The pandemic has exposed the precarious economic situation of many Canadian families
Opinion contributed to the Globe and Mail / Published June 14, 2020
So much of the effort to “flatten the curve” of COVID-19 has been to protect some of those most at risk – people with underlying conditions.
So it is appropriate that this unprecedented effort – shutting down whole swaths of the economy to combat the virus – has exposed other “underlying conditions” that threaten the long-term social and economic health of our country.
Over the past two months, as workplaces closed and millions of Canadians were furloughed or lost their jobs entirely, the precarious economic situation of most Canadian families has come into vivid and troubling relief:
More than half of Canadians are living paycheque to paycheque.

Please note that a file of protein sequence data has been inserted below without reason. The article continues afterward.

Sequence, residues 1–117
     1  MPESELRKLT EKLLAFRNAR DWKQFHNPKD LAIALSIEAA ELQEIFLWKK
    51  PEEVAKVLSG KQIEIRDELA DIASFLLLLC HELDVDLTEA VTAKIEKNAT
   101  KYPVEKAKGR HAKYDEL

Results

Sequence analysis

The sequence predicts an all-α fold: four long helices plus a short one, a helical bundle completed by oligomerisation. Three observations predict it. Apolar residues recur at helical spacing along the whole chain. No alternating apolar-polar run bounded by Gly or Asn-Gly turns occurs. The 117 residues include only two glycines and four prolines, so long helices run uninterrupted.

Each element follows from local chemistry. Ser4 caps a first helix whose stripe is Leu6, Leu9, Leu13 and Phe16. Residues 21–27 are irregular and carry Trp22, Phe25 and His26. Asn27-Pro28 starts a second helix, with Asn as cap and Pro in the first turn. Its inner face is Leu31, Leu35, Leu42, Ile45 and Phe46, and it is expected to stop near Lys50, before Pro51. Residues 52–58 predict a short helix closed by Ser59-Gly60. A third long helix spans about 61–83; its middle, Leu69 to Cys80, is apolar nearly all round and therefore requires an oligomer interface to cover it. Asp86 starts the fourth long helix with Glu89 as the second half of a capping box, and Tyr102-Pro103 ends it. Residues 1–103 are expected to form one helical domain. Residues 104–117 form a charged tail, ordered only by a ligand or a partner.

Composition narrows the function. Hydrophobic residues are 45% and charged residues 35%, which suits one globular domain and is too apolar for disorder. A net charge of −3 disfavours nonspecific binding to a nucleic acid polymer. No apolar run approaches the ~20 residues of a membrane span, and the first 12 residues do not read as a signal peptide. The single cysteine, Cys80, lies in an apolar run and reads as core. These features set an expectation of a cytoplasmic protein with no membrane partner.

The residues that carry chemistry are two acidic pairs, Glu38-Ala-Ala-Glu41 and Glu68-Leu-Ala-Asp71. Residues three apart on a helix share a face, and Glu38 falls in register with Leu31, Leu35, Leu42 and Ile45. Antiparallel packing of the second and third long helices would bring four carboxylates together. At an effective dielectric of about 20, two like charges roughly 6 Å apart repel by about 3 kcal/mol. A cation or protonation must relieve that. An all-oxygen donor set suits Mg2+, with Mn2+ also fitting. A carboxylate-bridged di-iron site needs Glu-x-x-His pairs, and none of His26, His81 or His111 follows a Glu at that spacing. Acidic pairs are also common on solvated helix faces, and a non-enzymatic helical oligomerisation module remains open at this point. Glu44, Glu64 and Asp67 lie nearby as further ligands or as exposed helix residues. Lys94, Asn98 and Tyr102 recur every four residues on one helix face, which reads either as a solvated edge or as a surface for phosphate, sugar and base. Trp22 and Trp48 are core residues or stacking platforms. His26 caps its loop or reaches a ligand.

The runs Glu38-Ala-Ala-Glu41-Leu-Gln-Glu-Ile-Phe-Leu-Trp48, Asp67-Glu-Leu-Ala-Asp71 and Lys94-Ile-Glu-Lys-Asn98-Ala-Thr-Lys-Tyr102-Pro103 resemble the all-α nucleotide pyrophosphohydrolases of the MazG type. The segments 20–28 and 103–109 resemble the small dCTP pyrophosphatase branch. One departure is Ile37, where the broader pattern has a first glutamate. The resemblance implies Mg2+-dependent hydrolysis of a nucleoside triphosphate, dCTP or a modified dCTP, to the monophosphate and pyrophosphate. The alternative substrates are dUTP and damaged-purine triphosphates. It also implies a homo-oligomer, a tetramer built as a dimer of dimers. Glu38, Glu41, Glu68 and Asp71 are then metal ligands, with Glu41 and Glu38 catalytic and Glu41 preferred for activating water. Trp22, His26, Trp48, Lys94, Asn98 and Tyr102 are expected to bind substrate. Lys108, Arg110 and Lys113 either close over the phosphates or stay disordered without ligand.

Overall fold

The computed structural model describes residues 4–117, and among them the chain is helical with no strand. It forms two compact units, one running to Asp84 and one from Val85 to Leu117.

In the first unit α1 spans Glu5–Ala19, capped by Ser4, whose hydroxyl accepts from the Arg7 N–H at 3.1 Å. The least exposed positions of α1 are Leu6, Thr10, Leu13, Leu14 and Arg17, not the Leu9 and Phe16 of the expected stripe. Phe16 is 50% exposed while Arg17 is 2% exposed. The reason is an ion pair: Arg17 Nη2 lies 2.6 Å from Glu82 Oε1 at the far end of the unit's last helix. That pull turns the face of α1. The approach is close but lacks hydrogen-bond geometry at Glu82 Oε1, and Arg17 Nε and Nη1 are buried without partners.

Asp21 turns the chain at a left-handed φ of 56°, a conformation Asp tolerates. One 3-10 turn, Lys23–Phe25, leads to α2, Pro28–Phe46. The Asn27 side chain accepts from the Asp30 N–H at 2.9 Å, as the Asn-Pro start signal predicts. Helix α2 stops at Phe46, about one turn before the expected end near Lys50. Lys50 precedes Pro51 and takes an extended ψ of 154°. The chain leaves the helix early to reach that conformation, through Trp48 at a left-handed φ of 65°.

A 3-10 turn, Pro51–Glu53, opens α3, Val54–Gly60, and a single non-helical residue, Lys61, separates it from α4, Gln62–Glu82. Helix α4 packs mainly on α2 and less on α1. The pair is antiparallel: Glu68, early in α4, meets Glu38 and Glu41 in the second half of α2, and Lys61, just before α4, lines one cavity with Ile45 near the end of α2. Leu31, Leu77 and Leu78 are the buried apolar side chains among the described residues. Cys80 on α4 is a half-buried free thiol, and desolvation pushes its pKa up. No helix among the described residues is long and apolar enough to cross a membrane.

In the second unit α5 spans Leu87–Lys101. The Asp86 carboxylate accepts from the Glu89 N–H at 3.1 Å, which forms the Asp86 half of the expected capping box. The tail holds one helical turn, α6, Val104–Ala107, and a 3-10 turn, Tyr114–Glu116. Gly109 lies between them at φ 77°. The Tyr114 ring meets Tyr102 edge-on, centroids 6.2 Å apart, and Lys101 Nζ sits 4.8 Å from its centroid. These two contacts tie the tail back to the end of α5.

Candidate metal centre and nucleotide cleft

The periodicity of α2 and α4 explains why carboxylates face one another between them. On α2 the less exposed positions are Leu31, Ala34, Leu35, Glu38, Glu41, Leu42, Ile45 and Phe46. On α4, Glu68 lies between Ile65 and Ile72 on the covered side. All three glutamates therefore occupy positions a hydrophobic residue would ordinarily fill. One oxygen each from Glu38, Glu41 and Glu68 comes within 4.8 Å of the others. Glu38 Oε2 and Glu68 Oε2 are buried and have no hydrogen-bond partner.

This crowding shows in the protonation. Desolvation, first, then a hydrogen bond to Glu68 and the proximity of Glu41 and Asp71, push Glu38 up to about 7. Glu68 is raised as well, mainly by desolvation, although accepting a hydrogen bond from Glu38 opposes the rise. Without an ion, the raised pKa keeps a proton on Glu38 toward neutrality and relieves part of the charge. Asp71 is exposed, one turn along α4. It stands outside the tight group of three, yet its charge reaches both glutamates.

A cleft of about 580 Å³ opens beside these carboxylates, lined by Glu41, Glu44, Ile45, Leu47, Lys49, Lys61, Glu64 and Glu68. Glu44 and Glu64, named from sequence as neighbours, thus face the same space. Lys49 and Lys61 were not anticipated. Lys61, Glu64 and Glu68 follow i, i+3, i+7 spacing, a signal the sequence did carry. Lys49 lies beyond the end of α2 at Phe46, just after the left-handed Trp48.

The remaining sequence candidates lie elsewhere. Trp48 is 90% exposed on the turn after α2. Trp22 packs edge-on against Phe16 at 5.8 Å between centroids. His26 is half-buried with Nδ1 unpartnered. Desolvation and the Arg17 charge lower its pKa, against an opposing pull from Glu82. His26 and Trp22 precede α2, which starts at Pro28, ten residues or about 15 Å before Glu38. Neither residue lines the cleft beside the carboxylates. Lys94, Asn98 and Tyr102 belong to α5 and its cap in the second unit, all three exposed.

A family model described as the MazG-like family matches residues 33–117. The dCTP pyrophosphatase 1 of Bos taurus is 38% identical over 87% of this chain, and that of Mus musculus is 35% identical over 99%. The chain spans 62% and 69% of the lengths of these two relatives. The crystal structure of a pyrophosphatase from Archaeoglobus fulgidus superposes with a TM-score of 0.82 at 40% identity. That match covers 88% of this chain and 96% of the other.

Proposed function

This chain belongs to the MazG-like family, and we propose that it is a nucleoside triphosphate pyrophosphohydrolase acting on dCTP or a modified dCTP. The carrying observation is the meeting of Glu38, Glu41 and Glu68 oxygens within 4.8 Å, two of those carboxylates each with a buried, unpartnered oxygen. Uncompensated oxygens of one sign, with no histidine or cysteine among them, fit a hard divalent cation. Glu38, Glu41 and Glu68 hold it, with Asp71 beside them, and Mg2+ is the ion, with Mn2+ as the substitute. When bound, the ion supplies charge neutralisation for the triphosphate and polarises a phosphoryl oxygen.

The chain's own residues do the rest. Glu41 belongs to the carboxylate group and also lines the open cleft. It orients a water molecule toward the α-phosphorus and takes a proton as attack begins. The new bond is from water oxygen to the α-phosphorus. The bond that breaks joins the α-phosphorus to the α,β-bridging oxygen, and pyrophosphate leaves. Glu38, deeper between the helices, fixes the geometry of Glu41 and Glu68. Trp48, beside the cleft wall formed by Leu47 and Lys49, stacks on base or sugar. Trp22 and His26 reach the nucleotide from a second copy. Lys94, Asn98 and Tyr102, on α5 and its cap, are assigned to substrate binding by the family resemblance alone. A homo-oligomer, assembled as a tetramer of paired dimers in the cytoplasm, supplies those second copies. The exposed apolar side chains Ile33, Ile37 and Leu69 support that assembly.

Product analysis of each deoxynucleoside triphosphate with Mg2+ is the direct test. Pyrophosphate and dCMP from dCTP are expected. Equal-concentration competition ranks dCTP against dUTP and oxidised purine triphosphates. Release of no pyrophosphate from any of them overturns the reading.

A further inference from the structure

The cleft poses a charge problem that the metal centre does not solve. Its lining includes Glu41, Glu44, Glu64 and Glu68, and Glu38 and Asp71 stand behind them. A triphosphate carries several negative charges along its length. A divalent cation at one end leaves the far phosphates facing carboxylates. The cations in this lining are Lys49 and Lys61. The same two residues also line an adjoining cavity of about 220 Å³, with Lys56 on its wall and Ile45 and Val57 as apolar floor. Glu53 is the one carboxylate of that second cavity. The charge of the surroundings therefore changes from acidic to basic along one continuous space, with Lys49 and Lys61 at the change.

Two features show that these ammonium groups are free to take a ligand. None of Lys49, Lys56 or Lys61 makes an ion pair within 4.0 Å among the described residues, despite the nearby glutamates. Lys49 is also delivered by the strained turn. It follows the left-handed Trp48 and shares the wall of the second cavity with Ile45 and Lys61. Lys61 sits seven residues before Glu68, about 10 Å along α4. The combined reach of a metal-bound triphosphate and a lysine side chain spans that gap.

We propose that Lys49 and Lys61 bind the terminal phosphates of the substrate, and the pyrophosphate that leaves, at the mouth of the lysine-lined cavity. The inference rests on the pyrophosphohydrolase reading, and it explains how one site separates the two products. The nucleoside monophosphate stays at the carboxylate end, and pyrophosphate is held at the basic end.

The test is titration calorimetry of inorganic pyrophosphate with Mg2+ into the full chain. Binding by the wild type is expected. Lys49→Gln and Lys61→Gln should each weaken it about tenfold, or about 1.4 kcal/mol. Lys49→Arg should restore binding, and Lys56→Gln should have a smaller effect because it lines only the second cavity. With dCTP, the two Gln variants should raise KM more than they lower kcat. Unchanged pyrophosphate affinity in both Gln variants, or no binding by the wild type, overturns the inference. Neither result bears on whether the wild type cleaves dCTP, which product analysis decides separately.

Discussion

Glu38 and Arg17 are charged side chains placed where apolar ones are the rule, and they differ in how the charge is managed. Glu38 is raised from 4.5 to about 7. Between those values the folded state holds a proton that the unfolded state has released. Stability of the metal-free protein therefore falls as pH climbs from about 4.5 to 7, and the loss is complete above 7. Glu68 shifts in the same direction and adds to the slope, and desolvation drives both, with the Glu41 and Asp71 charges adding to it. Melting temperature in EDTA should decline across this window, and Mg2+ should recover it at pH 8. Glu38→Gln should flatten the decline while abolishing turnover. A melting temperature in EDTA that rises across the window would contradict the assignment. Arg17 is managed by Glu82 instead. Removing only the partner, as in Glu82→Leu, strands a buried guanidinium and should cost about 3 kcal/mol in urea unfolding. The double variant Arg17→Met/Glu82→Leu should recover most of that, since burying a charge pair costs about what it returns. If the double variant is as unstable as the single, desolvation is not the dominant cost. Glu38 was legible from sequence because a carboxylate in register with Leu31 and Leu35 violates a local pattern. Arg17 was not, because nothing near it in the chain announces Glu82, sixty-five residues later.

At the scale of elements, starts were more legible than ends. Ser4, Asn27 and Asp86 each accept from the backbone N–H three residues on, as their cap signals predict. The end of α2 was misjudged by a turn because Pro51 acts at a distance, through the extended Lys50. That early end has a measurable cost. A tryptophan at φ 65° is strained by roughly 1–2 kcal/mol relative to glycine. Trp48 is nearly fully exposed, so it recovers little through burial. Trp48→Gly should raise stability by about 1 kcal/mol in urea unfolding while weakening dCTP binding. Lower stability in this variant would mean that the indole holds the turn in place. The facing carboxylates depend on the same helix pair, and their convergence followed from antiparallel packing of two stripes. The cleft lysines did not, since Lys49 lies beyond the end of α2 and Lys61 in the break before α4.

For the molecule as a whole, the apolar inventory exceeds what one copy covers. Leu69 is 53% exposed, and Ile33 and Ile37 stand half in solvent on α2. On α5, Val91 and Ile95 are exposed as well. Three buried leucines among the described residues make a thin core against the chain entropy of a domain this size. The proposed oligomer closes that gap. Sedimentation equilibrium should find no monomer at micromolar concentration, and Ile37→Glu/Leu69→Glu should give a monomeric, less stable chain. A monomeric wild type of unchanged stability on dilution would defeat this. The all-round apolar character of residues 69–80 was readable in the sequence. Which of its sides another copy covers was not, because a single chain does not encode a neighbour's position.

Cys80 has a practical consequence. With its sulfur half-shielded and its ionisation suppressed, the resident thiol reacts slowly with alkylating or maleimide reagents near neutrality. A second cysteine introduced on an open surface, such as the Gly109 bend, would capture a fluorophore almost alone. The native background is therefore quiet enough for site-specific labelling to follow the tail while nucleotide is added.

- One-third of households are “asset poor.”
- Ten million workers have no workplace retirement plans.
- The median retirement savings of near-retirement households without pensions is only $3,000.
- Nearly four in 10 Canadians have no retirement savings at all.
- Household debt is hovering at an all-time high.
It hasn’t always been this way. In the 1980s, Canadians routinely set aside 20 per cent of their income for large household purchases, education, starting businesses, retirement or just plain rainy days. Having a savings nest egg was accepted wisdom and the norm. What has changed is the nature of employment. More than a third of today’s work force is precariously employed – working on contract, self-employed, or in part-time (often involuntarily) or temporary jobs in the gig economy.